Why You Shouldn’t Launch Your Startup at a Major Tech Event

Posted on Feb 2, 2013 | 24 comments


It’s February now. That means a slew of companies will be preparing to launch their new products or announcing their companies at the annual SXSW conference in Austin, Texas.

I get asked often how to best launch at SXSW. What strategies to use, how to get attention, how to become “hot.” I get asked many PR questions which is why I started this stream of posts on PR at Startups.

So this post is about how to best craft a strategy to launch at SXSW but you could substitute most major conferences like CES if you want.

Exec Summary
Don’t bother.

The Details
To be clear. I’m not advocating that you shouldn’t present at tech startup events like Launch, TechCrunch 50, DEMO or similar. These are tech launch events designed to see new startups unveiled. I’m talking about big, garden-variety, industry-wide, schmooze fests.

SXSW is where Twitter broke out in 2007. It’s where FourSquare first broke out. And ever since then every year we are subjected to the tech press corps writing the annual, “What will the hot company at SXSW be?” followed by the compulsory post-show “Who won at SXSW?”

Trust me these articles are coming. Why? Because to write stories every journalist needs an “angle” meaning a storyline or narrative that they form their story around. The most obvious narrative leading into an event that launched two smashing tech darlings is, “what will be the next big thing?”

And then subsequently many well intentioned but young, naive and impressionable startups will blow thousands of dollars wastefully trying to recreate the magic. They will fail.

To be clear I’m not saying don’t attend SXSW, just not to blow your marketing budget trying to stand out. In fact, I’m a very big proponent of SXSW as I wrote about here.

Why It’s a Waste
There will be tens of thousands of people there. They will be there mostly to network, go to parties and hang out. They are not there to “discover the next cool SXSW app.” You are a shitty little startup. You have $10,000 to spend. Actually, you don’t. But you’re planning to do so anyways.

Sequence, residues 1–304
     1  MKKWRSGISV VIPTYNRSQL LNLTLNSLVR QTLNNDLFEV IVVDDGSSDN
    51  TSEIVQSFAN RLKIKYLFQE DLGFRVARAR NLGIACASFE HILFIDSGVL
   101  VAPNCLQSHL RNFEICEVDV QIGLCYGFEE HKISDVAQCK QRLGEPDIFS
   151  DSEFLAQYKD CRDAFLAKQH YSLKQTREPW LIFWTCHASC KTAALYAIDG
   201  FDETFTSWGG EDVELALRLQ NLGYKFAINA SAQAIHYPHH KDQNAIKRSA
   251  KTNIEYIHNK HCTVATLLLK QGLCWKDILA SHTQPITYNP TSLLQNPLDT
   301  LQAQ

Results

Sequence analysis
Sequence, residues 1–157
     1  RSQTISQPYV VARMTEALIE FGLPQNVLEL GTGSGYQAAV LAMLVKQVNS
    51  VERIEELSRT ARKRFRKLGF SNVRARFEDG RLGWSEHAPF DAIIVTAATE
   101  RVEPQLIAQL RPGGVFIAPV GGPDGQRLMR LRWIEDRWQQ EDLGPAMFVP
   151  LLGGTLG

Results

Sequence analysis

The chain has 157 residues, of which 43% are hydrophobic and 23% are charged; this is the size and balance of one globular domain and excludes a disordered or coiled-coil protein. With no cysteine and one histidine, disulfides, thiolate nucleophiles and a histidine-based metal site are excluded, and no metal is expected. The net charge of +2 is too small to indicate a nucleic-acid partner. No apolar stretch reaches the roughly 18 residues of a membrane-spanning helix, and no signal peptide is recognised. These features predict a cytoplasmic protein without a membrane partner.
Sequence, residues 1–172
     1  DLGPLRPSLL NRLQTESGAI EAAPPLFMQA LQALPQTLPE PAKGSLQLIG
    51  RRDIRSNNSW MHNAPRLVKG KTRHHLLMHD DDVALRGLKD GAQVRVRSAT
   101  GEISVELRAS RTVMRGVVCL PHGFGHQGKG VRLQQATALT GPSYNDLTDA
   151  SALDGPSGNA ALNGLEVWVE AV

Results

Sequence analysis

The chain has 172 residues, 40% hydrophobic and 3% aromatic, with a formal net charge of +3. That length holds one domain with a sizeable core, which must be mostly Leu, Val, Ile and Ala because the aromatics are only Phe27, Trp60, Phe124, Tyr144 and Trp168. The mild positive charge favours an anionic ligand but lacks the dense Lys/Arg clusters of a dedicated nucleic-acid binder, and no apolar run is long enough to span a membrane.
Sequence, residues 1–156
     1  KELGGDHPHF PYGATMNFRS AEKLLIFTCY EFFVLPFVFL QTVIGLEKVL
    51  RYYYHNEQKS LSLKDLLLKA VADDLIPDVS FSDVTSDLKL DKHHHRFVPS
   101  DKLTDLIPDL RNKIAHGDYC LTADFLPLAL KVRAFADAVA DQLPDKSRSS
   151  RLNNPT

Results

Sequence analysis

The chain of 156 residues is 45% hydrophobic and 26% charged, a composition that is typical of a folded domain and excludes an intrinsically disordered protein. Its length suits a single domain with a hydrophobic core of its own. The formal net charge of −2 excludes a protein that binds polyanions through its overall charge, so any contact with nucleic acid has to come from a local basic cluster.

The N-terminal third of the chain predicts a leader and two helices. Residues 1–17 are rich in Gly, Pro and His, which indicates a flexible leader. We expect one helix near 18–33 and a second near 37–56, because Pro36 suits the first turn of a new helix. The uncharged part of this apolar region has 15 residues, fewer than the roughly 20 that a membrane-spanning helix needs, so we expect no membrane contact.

Your great idea – suggested by your PR firm – is to book out some dive bar and invite guests, rent a room at the Four Seasons and throw a party, take over a grilled cheese stand across from the main venue. None of this matters. Don’t do it.

Your crappy $10,000 will pale in comparison to the budgets of the big tech & media companies. So anything you do will feel small in comparison. Your efforts to corral your tight-knit tech followers will work for 5 minutes but even they will feel the pull to be at the really cool tech party where “everybody will be” that starts at midnight.

In short, there’s too much noise, no signal. You can’t stand out. You’re shouting in a crowd. It is the peak moment of ADD for everybody in the tech industry and the tech press. It is “Spring Break for Geeks.”

So go. Be a part of the fun. Attend the cocktail parties. Meet your favorite tech entrepreneurs, bloggers, VCs or whoever that will be hanging out and talking to randoms at 3am at a taco stand or more likely a fried chicken waffle stand. Network. Be loose. Save your time, energy & budget for building relationships with people with whom you can follow up later. If you’re trying to launch your company or your next new product you won’t achieve any of these things.

Why Twitter & FourSquare Succeeded
Ok, Suster. You think you know it all? Then why did Twitter & FourSquare break out? Surely we should try to emulate their spectacular rise.

No, you shouldn’t.

Twitter was launched in “a moment.” Prior to Twitter there was no easy, public way to ask which party was the best at SXSW or where were your friends? Before Twitter there was no easy way to “conference brag” or “travel brag” or share food porn. So it filled a gap. A need. A moment in time. The iPhone will still fairly new and smart phones were just coming to the fore.

So SXSW needed Twitter. And Twitter needed SXSW. And all of the attendees needed the validation that they were the cool kids at the cool party and to tell the world of non-SXSW people that they were missing out.

And in the wake of that spectacular success FourSquare repeated the magic. How? Because by the next year Twitter had gotten really noisy. The masses were now on. It wasn’t an efficient tool for telling people which bar you were at or where you were eating lunch. And FourSquare was. It was the first “check-in app” that allowed you to know exact location. And it was purpose built for that so it wasn’t mixed up with random other messages / Tweets.